Candida and Pseudomonas Interact to Enhance Mucosal Infection in Transparent Zebrafish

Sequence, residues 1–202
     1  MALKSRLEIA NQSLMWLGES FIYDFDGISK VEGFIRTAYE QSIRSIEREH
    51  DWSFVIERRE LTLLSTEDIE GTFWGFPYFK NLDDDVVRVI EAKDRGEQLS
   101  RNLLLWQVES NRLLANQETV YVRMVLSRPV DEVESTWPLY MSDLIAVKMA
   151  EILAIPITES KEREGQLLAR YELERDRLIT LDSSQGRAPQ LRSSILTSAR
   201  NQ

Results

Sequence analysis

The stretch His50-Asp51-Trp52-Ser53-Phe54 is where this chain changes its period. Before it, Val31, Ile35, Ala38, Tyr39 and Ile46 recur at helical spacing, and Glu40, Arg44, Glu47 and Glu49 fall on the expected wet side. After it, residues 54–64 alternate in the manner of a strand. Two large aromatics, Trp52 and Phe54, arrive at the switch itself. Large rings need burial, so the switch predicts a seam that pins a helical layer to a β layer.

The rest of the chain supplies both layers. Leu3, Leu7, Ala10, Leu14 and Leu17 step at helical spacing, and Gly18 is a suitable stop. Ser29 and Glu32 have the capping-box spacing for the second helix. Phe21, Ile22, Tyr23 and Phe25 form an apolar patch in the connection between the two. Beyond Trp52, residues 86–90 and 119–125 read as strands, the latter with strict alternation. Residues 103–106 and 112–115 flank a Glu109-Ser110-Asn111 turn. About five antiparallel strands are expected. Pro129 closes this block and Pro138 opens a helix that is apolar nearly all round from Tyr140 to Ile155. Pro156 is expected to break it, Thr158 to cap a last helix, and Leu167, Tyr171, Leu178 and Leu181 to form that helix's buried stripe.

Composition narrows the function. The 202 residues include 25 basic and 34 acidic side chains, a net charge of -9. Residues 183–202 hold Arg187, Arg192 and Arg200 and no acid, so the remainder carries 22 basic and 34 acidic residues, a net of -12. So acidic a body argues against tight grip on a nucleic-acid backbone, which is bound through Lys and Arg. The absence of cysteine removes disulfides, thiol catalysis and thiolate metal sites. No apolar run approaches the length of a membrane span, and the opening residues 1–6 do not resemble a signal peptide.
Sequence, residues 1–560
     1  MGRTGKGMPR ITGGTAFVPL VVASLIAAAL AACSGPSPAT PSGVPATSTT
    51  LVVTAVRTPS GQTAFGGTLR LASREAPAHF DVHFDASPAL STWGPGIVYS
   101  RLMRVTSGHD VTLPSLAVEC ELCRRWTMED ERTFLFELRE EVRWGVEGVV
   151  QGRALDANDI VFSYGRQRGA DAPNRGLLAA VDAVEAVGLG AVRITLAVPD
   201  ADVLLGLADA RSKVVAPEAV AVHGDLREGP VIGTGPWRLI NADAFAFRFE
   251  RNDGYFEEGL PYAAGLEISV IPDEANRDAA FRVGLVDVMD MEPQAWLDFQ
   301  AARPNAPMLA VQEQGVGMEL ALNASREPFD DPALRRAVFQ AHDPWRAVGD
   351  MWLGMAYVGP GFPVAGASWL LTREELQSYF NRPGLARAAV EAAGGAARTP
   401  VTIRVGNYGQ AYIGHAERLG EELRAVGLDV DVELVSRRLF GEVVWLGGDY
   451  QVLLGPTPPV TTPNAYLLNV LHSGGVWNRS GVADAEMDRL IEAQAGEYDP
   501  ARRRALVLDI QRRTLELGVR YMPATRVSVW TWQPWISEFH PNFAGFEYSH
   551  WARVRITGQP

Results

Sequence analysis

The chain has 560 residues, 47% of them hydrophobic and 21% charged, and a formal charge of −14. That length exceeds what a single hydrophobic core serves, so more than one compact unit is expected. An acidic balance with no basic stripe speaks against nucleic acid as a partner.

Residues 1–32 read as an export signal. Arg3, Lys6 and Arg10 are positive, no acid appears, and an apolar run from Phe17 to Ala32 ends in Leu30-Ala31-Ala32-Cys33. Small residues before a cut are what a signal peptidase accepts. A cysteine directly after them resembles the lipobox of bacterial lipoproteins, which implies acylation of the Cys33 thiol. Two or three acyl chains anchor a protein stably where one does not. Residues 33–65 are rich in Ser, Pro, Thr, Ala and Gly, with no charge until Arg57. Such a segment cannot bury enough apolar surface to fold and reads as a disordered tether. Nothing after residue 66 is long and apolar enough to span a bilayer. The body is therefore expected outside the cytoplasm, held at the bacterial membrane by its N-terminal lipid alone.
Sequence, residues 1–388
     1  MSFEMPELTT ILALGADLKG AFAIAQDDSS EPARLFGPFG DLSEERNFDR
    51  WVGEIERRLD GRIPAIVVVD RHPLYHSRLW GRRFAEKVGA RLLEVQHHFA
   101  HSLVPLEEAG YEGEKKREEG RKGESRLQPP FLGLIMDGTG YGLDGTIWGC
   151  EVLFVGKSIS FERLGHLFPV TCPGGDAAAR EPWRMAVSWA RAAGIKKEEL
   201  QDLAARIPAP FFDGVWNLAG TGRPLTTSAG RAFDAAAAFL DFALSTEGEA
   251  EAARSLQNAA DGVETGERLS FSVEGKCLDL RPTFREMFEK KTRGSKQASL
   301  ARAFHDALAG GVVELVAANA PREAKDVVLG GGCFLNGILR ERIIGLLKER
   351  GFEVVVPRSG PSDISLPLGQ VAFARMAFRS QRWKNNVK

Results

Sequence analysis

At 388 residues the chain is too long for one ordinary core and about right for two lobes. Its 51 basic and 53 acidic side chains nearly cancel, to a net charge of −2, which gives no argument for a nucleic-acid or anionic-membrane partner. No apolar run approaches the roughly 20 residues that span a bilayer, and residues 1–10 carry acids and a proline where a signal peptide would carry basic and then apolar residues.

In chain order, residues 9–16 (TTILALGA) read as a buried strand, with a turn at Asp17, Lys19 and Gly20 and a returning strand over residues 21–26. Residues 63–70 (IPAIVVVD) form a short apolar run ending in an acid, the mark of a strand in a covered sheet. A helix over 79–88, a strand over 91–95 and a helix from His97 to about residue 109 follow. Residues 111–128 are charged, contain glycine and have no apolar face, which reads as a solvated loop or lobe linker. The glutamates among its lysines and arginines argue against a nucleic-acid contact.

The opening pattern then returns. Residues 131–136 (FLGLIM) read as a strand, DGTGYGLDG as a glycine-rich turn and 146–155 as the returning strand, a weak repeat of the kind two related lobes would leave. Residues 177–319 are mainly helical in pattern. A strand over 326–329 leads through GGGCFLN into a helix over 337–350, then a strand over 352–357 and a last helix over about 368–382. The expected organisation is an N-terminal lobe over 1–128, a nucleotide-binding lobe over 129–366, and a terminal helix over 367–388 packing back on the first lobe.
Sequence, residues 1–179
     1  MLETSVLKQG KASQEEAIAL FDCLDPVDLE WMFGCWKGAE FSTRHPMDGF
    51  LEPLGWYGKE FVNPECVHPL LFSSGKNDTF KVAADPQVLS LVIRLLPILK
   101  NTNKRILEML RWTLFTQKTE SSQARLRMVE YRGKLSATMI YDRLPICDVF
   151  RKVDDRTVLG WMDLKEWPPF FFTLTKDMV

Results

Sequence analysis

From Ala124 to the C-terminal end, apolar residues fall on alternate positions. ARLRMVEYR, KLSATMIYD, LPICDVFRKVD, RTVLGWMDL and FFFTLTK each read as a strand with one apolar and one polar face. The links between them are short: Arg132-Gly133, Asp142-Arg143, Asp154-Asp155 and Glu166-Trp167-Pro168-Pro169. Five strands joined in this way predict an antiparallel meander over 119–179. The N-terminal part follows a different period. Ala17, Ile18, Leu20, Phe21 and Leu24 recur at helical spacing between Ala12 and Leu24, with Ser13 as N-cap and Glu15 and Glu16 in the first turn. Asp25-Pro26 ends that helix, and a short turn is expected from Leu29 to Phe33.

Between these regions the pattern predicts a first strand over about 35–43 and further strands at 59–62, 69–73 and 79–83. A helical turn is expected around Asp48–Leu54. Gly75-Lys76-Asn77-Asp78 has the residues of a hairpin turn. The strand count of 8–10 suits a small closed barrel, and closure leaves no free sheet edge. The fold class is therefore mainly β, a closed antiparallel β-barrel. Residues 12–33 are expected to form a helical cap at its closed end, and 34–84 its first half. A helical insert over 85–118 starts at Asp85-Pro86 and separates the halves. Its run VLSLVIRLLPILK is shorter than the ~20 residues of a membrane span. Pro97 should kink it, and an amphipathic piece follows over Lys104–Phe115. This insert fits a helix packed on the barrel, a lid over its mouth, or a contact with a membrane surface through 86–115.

Polymicrobial communities exist throughout the human body and include both fungi and bacteria. During disease, cross-kingdom interactions among bacteria, fungi, and/or the immune system can alter virulence and lead to complex polymicrobial infections. The fungus C. albicans is among the most commonly isolated fungi in the context of fungal-bacterial co-infections and is often accompanied by the bacterium P. aeruginosa at a variety of sites throughout the body including mucosal tissues such as the lung. In vitro, C. albicans and P. aeruginosa have a cyclic, bi-directional, and largely antagonistic relationship, but these interactions do not account for the role of the host environment in mediating infection dynamics. Current in vivo infection models of C. albicans-P. aeruginosa infection demonstrate variable outcomes of infection and remain limited for characterizing immunopathology. In this study, we exploit the power of the juvenile zebrafish model to simultaneously characterize microbe-microbe interactions, microbial virulence, and immunopathology during C. albicans-P. aeruginosa mucosal infection to mimic the co-infected lung. We demonstrate that C. albicans and P. aeruginosa are synergistically virulent by using longitudinal analyses of fungal, bacterial and immune dynamics during co-infection, and suggest that enhanced morbidity is associated with exacerbated C. albicans pathogenesis and elevated inflammation. Altogether, our data suggest that C. albicans-P. aeruginosa crosstalk in vivo can benefit both organisms to the detriment of the host. This zebrafish infection model provides a foundation for future analyses of specific microbial and immune factors in mediating co-infection, and can be extended to study other clinically relevant fungal-bacterial infections by addressing unique questions regarding tri-kingdom interactions during polymicrobial infection.